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The case for retiring Bernie Williams' number

The Yankees will honor Bernie Williams in some way during the 2015 season. Let's hope they don't short change him.

Jim McIsaac

The Yankees recently revealed their plans to retire Joe Torre's number and also honor Tino Martinez, Goose Gossage and Paul O'Neill with plaques in Monument Park throughout the 2014 season. As a footnote to their email, the team also disclosed that Bernie Williams will be "recognized" in some way, shape, or form at some point in 2015. While there has been no confirmation that Bernie's number 51 will be retired as part of that recognition, it would be a great injustice if it wasn't. So, let's revisit a series that began last year and plead the case for one of the franchise's greatest hitters.

In 1985 the Yankees signed the 17-year-old Williams as an amateur free agent. Growing up in San Juan, Puerto Rico Bernie seemed destined to become a star track and field athlete as he racked up four gold medals at the Central American and Caribbean Junior Championships. Alas, he chose baseball and in 1986 he began his slow, steady climb through the Yankees' minor league ranks. By 1991, the bottom-dwelling big league club lost regular center fielder Roberto Kelly to injury so with nothing to lose they called up Williams for a test run.

On the field Bernie performed about as well could be expected from a young rookie on a bad team, but his biggest challenge was dealing with the wrath of one of his own teammates. The bespectacled and shy Williams became the target of fellow outfielder Mel Hall, a high-salary, low-character George Steinbrenner acquisition that was typical of the era. Hall, seemingly threatened by the presence of a young, promising player, ruthlessly picked on Williams referring to him as "Bambi" or "Zero." It got to the point that team captain Don Mattingly quietly diffused the situation by encouraging Williams to turn the other cheek and believe in himself while convincing Hall to ease up on him. Hall left New York for good after the 1992 season and Bernie thrived thereafter while Mel would eventually get his comeuppance.

During the 1993 season, Williams established himself as the Yankees' everyday center fielder and he never looked back. His offensive game steadily improved and evolved each year until he became one of the most well-rounded hitters in the game. As a switch-hitter he could hit for average and some power, draw walks without striking out too much, and could even steal a base occasionally. It's no coincidence that as his game grew, the Yankees began to see more success as a team. After winning the first ever AL Wild Card in 1995, Williams entered his prime and the Yankees won four World Series titles and five AL pennants over the next six years. From 1996 through 2002, Bernie appeared in five All-Star games, won a batting title, and put up a combined .323/.408/.538 slash line which was good for a 144 OPS+. He also averaged 25 home runs, 106 runs scored, 104 runs batted in and five wins above replacement per year over that time frame. It's hard to believe the Yankees would have had the success they did without him, especially considering that he also took on the leadership role vacated by Don Mattingly in 1995.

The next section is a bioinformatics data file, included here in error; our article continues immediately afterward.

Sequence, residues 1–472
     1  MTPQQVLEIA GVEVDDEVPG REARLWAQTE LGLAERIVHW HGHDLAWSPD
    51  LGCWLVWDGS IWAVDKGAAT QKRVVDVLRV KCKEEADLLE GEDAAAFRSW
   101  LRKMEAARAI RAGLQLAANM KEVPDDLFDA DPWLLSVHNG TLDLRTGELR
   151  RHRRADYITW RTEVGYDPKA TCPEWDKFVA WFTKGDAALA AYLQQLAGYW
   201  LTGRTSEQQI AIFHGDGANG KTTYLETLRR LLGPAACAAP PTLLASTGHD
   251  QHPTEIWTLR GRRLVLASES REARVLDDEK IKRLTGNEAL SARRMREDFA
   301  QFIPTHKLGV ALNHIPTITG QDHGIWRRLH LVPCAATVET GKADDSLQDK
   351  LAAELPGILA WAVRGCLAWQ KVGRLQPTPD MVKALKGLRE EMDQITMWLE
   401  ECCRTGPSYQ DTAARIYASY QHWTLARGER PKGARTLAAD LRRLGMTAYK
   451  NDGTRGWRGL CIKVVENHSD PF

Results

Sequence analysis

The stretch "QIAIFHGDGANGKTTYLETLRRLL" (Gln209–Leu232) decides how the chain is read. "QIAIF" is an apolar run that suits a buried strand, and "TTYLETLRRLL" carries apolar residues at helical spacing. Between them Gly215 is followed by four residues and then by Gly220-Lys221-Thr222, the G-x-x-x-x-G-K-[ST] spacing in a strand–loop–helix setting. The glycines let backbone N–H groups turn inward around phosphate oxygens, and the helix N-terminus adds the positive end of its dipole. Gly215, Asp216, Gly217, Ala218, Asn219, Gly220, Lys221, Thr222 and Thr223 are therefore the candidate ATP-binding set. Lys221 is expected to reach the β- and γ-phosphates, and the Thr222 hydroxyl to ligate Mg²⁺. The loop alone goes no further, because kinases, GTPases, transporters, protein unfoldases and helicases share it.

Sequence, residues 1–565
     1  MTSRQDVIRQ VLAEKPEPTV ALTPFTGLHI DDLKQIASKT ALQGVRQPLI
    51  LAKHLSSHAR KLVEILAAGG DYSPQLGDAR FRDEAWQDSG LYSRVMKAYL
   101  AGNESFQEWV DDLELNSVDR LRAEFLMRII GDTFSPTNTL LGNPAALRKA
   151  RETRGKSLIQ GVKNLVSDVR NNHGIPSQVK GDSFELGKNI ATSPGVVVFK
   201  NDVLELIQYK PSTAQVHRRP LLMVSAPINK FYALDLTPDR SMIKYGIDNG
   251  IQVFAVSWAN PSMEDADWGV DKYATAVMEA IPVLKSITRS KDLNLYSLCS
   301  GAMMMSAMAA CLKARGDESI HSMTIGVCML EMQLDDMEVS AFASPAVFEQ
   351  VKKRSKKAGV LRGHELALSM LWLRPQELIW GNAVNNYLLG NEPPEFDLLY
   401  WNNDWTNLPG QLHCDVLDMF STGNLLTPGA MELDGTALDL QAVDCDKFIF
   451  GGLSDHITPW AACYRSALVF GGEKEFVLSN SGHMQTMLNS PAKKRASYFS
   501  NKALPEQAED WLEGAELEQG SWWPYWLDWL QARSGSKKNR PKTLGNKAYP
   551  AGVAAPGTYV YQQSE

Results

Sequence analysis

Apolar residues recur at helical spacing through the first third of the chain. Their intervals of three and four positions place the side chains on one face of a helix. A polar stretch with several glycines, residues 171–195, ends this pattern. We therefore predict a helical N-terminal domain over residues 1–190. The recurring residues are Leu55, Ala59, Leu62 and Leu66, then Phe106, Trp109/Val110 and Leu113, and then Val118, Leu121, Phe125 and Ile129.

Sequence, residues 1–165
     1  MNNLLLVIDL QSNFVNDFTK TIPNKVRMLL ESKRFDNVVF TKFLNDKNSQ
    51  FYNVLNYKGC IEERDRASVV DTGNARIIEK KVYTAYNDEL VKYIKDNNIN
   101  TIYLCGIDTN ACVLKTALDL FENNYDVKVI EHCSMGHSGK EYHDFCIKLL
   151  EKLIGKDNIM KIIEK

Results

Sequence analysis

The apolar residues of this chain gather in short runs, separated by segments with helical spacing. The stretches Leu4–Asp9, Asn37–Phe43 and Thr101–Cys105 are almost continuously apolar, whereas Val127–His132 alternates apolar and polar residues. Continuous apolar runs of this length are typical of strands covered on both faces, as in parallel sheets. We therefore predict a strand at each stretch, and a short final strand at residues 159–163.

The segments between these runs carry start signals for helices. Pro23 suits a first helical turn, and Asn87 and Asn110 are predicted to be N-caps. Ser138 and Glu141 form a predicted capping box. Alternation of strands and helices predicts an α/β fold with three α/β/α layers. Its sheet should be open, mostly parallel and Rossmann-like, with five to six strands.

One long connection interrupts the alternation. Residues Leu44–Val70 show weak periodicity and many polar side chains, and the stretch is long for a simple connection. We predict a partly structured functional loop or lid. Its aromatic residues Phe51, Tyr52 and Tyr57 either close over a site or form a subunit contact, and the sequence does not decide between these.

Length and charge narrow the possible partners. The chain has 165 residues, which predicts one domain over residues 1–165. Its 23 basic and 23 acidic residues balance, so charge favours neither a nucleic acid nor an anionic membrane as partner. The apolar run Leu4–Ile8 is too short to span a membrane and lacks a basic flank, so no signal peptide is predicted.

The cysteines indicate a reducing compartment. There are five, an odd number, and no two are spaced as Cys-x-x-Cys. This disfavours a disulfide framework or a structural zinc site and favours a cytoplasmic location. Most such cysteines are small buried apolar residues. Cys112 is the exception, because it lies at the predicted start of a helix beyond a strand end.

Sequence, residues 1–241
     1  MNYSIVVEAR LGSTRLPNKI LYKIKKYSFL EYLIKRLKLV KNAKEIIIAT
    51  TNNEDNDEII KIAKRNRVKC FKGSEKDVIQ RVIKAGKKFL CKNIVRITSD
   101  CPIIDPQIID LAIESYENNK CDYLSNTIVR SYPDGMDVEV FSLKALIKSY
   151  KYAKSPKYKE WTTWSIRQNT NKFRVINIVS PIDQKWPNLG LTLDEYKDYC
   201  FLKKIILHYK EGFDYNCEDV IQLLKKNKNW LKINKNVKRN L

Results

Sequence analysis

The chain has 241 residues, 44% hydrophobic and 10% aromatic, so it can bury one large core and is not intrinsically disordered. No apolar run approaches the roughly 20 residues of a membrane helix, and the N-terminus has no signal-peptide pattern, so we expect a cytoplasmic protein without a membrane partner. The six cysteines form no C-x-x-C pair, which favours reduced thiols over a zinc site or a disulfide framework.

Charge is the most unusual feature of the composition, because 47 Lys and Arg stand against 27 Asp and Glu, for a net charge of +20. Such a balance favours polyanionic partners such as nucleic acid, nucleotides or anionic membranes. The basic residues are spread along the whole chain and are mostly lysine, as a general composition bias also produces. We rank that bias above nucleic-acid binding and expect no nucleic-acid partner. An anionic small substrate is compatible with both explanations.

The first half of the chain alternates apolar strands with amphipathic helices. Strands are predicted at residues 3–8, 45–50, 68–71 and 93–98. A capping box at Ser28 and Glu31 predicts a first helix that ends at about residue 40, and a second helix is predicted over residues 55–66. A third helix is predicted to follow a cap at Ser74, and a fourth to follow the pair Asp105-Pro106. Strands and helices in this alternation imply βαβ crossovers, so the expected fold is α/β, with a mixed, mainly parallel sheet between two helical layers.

Despite all of his accomplishments, Bernie was constantly at the center of trade rumors during the 90's. This is why the Steinbrenner's can't have nice things. Thankfully, cooler heads prevailed throughout all of those rumors but things got very dicey following the 1998 season. Williams was a free agent for the first time and was in hot and heavy contract talks with the rival Boston Red Sox. A deal seemed imminent until the Yankees finally gave in and agreed to a seven year contract worth more than $87 million. That was a ridiculous amount of money at the time and was no doubt inflated by his negotiations with the Red Sox. In fact, the Yankees' brass still seem to hold a grudge against him because of it, which is unfortunate.

Bernie remained a useful everyday player up until 2004. After a disappointing 2005 campaign it was clear that he couldn't handle playing center field everyday anymore and he returned as the team's fourth outfielder for the 2006 season. As a 37-year old he was still a league-average hitter and planned to return again in 2007 but the Yankees only offered a non-roster invite to spring training which he did not accept. That ending seems bitter and unfair considering the fanfare that Andy Pettitte and Mariano Rivera received last year, and the fond farewell Derek Jeter is sure to get this year.

A quick look at the record books makes it clear that Bernie Williams deserves his spot among the franchise greats. His name is sprinkled throughout the top ten in franchise history in just about every statistical category imaginable, including games played, runs scored, hits, home runs, runs batted in, walks, extra base hits and WAR. Thanks to the expanded playoff system that began as he was entering his prime, he is also among the most prolific postseason players in Major League history and has provided some of the more memorable moments of the Joe Torre era.

For 16 years Bernie Williams provided the Yankees with a steady presence in center field and was instrumental in transforming the club from laughing stock to perennial contender in short order during the mid-90's. He and his number 51 should get the appreciation they deserve. Finally.